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Islamic Foundation of Toronto History – Building a Community in Scarborough – PART 5

Islamic Foundation of Toronto History – Building a Community in Scarborough – PART 5

By Muneeb Nasir

[This is the fifth part in the series covering the history of the Islamic Foundation of Toronto, the first purpose built Islamic Centre to be established in Toronto. Many of the men, women and young people involved in the Islamic Foundation would become leaders and community activists in the North American Muslim community well beyond the confines of this mosque – a testimony to the dynamism of the Foundation in the early decades].

PART 1; PART 2; PART 3; PART 4

Up to this point in its history, the Islamic Foundation of Toronto had distinguished itself for being an open, welcoming organization that was built by families who were interested in living Islam and carving out a Canadian Muslim identity.

The diversity in the congregation was a source of strength and looked upon by members as an opportunity for growth – much of this growth in understanding and appreciation for each other was achieved through learning and social interaction at the mosque but also through family study circles that were held monthly and hosted by members on a rotation basis.

By the mid-1980s, a vibrant series of activities had developed across the city, including at the Islamic Foundation.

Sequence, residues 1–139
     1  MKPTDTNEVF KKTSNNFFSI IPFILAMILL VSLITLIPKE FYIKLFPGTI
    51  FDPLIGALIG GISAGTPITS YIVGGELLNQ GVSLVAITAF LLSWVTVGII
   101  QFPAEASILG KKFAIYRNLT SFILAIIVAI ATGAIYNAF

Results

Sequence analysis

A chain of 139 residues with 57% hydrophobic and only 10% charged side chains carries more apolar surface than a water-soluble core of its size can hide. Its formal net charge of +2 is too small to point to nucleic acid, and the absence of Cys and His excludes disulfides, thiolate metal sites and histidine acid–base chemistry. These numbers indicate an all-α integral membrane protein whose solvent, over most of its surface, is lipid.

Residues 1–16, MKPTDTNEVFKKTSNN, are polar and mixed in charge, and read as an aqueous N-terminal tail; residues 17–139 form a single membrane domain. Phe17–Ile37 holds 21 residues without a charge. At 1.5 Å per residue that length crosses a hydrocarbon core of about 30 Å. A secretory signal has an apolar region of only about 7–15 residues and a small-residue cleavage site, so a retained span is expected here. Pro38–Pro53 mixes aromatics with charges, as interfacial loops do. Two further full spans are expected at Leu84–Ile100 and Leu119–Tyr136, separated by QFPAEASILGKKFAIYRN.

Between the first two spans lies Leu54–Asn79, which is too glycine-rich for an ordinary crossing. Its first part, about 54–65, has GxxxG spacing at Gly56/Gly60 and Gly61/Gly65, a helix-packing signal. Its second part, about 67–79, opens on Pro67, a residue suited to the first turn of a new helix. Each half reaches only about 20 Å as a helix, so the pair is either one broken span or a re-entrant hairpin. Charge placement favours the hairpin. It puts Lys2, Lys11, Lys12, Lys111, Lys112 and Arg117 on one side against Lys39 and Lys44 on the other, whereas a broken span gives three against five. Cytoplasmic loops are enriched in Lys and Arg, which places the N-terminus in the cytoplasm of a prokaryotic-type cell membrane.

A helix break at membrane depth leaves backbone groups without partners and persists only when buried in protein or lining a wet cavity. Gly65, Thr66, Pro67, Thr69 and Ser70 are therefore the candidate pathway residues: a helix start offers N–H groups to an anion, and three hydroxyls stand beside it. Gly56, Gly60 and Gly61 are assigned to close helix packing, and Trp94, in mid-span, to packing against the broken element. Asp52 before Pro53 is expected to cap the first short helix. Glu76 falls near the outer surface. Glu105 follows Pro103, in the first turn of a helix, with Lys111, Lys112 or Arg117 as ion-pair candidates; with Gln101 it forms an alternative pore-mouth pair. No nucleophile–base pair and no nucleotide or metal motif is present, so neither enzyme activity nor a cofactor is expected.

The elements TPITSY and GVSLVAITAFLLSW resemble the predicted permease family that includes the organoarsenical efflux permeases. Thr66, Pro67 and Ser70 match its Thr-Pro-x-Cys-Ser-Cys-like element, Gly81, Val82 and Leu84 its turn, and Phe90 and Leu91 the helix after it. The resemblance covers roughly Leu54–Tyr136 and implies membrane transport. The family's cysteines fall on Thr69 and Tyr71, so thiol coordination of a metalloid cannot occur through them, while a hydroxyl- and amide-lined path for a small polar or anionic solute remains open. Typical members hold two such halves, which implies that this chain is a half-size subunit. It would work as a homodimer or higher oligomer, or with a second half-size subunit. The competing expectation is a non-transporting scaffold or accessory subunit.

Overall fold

Women, men and youth study groups, and weekend camps were being held at the city’s mosques – the Islamic Foundation, Jami Mosque and Croatian Islamic Centre – as well as on university campuses and, through these activities, stronger community bonds were being built in the mosques and across organizations.

Shaikh Ahmad Kutty, Imam of the Islamic Foundation, in front of the Islamic Foundation under construction (1990)

By 1985, the Islamic Foundation of Toronto was at a pivotal stage in its development – funds needed to be raised to build the new Islamic Centre and the same sense of community that was among the membership at the Rhodes Avenue mosque needed to be developed among the rapidly growing Muslim community that became affiliated with the organization as a result of the new project.

This would prove to be an ongoing challenge for the organization as the new Centre took shape.

Scarborough had one of the largest concentrations of Muslims in the city and many Muslims families were re-locating there in anticipation of the first purpose built Islamic Centre.

To help integrate the new members the organization increased its programs at the mosque in East York and started organizing regular educational programs and social gatherings at local public schools close to the site of the new Islamic Centre.